The future of work is neither a place nor a time of day

When we talk about the future of work, one of the first subjects that comes to mind is that of flexibility, because companies that had managed it rather well until now (most often by pretending that the subject did not exist) have taken it in the face with the end of the pandemic and employees wishing to keep certain advantages acquired during this exceptional period.

Many people reduce this topic to just remote working, when it is really about flexibility in a more global way.

Let’s try to look at the subject in the light of the trends I was talking about a while ago.

The pandemic

It is of course at the heart of the matter because it has allowed what was until now unthinkable for most employees and businesses: generalized remote working, at least for the jobs for which it is possible.

The idea here is not to discuss the benefits or drawbacks of remote working, the limits to be put in place or not, the fact that it is more or less suitable for some people depending on a large number of factors.

On the other hand, there is a reality against which we cannot go: some employees liked it, others less so (but have they experienced real remote working when it is imposed and in an unprepared business?), but most of them want to continue to work remotely at different rhythms and, above all, the business can no longer tell them that it is not possible, since it has been done for nearly two years!


In his personal life, the employee has fully integrated the “ATAWAD” concept (Anytime, Anywhere, Any Device): he does what he has to do, no matter when, where or what device he has at his disposal, and in a way he wonders why, in a professional context, he has to be at a certain place at a certain time to do certain things.


I often wonder how businesses would have gone through the crisis without the Internet or with the networks and tools of the early 2000s. Very badly in my opinion and the economic and social impact would have been terrible.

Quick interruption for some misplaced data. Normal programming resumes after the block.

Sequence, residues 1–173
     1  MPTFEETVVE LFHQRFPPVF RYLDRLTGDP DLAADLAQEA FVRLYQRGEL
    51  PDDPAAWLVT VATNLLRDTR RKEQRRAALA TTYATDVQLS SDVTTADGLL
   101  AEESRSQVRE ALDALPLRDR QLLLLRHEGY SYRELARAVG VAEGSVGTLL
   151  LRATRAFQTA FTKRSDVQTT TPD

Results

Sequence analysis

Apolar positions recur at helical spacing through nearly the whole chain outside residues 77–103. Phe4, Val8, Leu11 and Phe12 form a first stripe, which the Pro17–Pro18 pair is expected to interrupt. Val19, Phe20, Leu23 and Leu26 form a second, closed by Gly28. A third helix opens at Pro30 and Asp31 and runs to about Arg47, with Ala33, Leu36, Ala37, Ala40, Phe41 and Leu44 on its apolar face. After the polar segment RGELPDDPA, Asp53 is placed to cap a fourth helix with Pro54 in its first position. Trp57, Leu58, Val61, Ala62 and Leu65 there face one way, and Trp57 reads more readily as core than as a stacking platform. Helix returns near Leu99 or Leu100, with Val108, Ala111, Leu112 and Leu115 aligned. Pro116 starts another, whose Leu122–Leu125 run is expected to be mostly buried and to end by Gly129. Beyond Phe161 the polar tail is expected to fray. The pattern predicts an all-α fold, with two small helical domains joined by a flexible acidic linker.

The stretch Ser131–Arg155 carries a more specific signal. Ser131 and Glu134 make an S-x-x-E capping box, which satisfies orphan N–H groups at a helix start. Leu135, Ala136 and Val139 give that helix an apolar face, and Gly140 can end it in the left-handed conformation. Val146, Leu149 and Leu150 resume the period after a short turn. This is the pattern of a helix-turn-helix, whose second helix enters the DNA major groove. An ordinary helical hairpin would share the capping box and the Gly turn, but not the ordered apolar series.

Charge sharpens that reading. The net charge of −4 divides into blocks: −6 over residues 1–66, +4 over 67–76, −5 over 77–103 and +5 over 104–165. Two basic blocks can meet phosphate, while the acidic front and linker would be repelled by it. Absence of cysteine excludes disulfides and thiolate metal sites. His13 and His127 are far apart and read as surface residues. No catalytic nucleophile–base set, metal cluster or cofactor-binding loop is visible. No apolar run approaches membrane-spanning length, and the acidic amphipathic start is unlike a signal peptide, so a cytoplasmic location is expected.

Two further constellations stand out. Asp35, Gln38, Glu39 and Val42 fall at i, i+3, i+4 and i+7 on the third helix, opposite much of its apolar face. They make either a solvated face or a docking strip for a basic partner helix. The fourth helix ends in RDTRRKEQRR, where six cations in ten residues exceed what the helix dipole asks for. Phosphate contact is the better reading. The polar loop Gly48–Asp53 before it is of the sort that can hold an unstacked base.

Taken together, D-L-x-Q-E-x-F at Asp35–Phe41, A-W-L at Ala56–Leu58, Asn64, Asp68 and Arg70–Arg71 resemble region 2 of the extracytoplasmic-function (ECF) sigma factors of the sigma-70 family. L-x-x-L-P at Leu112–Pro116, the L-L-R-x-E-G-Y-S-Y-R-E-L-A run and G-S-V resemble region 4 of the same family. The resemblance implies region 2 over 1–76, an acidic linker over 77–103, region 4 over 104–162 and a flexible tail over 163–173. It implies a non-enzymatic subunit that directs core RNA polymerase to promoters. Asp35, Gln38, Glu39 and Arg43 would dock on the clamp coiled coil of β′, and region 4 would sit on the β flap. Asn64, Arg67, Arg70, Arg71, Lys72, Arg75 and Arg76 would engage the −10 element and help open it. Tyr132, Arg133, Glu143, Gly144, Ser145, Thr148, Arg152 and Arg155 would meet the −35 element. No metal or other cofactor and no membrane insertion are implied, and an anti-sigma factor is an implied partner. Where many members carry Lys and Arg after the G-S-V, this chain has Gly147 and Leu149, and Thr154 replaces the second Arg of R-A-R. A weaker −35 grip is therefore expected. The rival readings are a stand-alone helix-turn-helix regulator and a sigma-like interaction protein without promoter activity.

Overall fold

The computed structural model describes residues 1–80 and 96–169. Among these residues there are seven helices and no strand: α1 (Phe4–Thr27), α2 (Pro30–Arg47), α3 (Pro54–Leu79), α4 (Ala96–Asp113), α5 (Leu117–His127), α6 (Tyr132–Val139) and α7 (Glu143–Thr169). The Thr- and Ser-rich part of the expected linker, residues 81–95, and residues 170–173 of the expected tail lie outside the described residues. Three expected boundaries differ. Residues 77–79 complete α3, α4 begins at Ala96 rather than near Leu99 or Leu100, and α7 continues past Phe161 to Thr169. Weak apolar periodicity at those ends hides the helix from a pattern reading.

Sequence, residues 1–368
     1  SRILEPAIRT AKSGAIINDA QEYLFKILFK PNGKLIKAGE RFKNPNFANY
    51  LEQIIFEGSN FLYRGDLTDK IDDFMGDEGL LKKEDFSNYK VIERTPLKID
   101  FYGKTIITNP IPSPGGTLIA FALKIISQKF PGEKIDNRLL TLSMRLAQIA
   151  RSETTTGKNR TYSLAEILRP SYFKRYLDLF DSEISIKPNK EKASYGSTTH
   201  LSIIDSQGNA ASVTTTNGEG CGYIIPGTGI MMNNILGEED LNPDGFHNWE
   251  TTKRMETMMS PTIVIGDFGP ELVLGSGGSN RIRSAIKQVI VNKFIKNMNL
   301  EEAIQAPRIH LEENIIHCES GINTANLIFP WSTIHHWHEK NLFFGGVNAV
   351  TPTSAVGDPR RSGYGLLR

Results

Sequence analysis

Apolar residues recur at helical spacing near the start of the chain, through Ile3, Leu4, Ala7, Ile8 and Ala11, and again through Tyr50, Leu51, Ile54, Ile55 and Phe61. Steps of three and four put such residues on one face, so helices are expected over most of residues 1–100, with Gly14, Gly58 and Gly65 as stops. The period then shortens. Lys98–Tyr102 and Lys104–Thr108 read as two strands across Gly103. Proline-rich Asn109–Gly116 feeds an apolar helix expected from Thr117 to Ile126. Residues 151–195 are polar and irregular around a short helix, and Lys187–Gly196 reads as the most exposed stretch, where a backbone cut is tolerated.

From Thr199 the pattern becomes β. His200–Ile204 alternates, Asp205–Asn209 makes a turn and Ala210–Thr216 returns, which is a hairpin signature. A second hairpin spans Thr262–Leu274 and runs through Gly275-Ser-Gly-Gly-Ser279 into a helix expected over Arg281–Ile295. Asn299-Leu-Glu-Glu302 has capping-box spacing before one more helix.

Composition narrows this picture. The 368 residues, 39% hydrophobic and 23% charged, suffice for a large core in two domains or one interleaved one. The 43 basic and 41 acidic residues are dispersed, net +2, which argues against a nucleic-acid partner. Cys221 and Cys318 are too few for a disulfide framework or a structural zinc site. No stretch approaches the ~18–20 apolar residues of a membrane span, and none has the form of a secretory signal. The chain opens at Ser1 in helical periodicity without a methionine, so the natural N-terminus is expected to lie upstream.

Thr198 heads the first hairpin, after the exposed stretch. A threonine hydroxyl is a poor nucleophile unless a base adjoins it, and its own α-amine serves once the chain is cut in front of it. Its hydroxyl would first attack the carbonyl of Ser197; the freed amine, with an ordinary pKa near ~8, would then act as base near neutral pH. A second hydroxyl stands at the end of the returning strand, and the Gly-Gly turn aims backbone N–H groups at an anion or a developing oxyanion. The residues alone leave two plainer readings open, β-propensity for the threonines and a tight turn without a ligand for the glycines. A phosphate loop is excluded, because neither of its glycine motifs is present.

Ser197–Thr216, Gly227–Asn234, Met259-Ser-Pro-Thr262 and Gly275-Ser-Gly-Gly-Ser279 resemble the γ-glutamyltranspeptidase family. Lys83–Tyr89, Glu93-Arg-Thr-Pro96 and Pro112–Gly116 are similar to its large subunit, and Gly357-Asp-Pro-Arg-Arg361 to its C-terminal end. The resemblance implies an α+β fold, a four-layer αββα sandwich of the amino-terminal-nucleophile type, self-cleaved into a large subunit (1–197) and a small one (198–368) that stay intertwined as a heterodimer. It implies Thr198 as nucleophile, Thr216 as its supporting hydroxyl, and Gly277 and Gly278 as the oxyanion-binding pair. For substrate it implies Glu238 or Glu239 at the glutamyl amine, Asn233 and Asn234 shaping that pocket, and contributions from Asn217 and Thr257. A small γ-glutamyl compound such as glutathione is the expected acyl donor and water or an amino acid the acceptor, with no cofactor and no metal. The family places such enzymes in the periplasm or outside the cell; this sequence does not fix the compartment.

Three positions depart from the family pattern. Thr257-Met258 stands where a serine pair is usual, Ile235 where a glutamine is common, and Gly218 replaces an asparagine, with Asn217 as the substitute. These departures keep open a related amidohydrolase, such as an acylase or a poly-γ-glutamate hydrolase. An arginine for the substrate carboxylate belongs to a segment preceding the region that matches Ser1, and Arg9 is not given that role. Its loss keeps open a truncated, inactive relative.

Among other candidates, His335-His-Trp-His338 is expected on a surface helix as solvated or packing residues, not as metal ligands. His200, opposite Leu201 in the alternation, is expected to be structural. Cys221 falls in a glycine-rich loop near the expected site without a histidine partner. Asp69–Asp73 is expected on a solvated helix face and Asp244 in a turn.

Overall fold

But then again, technology makes remote working and flexible hours more possible and easier today than ever, and probably less so than tomorrow.

Objectively, the tools are there and the businesses are equipped. However, what the pandemic has shown is that they are not well known or mastered by the employees, nor are the fundamental use cases of remote working.

In any case, technologies and their uses in the private sphere plead for a more flexible usage framework in the professional sphere and, in any case, can no longer be considered as a barrier.

The evolution of society and the economy

From a societal point of view, there is a strong demand for a better balance between personal and professional life. This includes not only the workplace, but also the flexibility of working hours to allow these two aspects of the employee’s life to coexist, articulate and even mix, rather than being separated as it is often heard.

The shortage of talent in certain sectors is pushing for more flexibility in the workplace. First of all, by having an attractive remote working policy for the candidates who make it an essential criterion and then by recruiting the talents where they are, therefore possibly in “full remote” in a city where the business does not necessarily have offices.

The transformation of service activities and knowledge work

I often say that activities related to knowledge work and in general the production of intangible things are organized in the worst possible way, having transposed Taylorist and industrial approaches to professions that only manage exceptions.

On the one hand this will have no impact on making work more or less flexible, but on the other hand frictionless workflows will reduce the need for interaction to compensate for the need to be co-located, especially for people who are not very comfortable with collaboration/communication tools (there are many more of them than we think.

Bottom line: work is neither a place nor a time.